Hiding the mouse pointer completely is usually a pretty stupid idea. It's quicker for the user to move the pointer out of the way than it is to find a hidden pointer when they need to use the mouse again...

      Reacquiring the pointer after it's been hidden is actually quite easy: either you have some idea of where you left it, or you just move it around quickly to spot it.

      Having to move it is is incredibly annoying. Because you leave the mouse, move to the keyboard, begin typing, realize you have to move the
    • Hiding the mouse pointer completely is usually a pretty stupid idea. It's quicker for the user to move the pointer out of the way than it is to find a hidden pointer when they need to use the mouse again...

      This is something I've thought, as well. User interface enthusiasts always refer to widgets directly on the screen border (*especially* in corners) as having near-infinite size. And rightly so--all you have to do is flick the mouse in that direction with enough magnitude, and you can click blindly.

      But

  • 1. Some of his complaints are well-explained. Others assume the reader has a background in interface design. For example, what is wrong with using "username" and "Reboot"? Feel free to add your own.
    • Here's my guess: the problem with these words are that they're technical vocabulary.

      How does the person that sits down in front of a computer know what a username is? They don't. It's a technical term that you and I know well, but the average user may not know. I don't know what the big nit is here; windows uses 'username' too. Maybe it should be two words... maybe he prefers 'account' instead. I dunno.

      I'm guessing he would prefer the word 'restart' instead of 'reboot', since the average user will u
    • reboot is a term that refers to "booting" a computer, and is not entirely clear to all people, especially people who started using computers in the last 3 or 4 years. Restart would probably be clearer for most users, and since you or I would always know what both mean, it makes more sense to use restart than reboot.

      And to the other word, username is not really a word. I mean, it is, but I would agree with him that it would look better if it was written as "User Name" or something like that.

      Yes, some o

      • > it makes more sense to use restart than reboot.

        Yes, but "restart" could be thought of as simply logging out of one's X session. "reboot" is fairly unambiguous, and yes it's jargon, but frankly it's very common jargon that's well understood by most to mean a cold boot (i.e. as if from powering up). I don't think it's wrong of him to point it out, and in fact he's correct to say it's technical jargon. I would just disagree on changing it to "restart". It should in any case be used consistently.
    • So what you're saying is that rather than us just accepting that someone who is a Usability Expert has told us that it is wrong we should demand that he teach us his entire discipline before we accept his advice.
      • I'm saying that it would be nice to know why those things are frowned upon, as I'm genuinely curious. It's something he could change to possibly improve his article. Just like his list is things that could make Ubuntu better.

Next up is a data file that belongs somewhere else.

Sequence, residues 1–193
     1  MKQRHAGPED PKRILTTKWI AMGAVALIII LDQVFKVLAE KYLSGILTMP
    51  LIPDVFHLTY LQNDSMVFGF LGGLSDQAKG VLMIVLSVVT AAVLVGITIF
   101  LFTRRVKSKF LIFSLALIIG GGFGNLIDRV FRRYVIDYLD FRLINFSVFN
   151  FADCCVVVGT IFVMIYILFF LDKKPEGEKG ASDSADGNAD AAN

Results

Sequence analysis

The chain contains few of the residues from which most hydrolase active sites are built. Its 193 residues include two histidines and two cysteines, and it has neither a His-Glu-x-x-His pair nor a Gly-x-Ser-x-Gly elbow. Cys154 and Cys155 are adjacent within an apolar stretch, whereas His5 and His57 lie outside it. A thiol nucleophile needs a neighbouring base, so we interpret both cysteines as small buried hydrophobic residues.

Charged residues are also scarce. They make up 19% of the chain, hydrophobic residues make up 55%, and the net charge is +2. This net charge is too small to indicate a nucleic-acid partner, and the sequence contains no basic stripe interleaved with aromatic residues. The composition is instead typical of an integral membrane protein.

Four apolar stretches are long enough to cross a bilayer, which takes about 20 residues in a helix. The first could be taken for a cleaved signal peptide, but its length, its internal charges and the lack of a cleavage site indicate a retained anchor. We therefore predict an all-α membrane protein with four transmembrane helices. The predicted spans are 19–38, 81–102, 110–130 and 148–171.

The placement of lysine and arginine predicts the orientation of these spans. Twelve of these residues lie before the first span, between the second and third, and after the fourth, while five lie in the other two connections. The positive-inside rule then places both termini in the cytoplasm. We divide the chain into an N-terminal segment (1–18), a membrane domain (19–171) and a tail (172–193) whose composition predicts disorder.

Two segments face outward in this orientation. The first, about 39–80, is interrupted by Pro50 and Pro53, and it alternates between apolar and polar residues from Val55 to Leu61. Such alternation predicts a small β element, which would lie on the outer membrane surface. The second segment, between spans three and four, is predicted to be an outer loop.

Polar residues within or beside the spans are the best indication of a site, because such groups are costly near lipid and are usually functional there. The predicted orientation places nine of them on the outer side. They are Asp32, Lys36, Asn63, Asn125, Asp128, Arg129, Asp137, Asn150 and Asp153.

• and what I'm saying is that you could go to school and study for 3 years to learn why these things are frowned upon. He shouldn't have to educate you. Either you've done the required reading and understand what he's talking about (in which case you have a leg to stand on when you argue) or you take his word for it.
          • Or we ignore him.

            If he is unwilling or uable to explain their suggestions beyond "I'm an expert and you should do what I say" then he should get used to others
            not following up on his suggestions.

            I dont know the guy in question, but if he is as unhelpful as your posts are, I dont expect there will be many people lining up to follow his "Expert" advice.
            • See, that's just brain dead. When you take your car to your mechanic do you demand that he explain why you should put oil in it regularly, get new tires, stop pumping the clutch, stop redlining the engine daily, etc, or do you just say well shit, you're a mechanic and I'm not so I'll just take your word for it. If you want to understand why what Mr Thomas has to say is good advice, go do a usability course and study the field a little. It's not his responsibility to educate you.
  • by cahiha (873942) on Wednesday April 13, 2005 @04:36PM (#12227798)
    1. Every window that has menus puts them in a separate menu bar inside the window. [...] Ubuntu is not entirely ignorant of Fitt's Law

    What he neglects in his analysis is that (1) that's where most users expect menu bars to be, and familiarity usually trumps Fitt's law, and (2) Fitt's law is a red herring anyway. Designing a UI based on Fitt's law is like picking a car based on the size of its spoiler or picking a girlfriend based on the size of her boobs--someone may have enough of a fetish with it to do it, but that doesn't make it a good idea.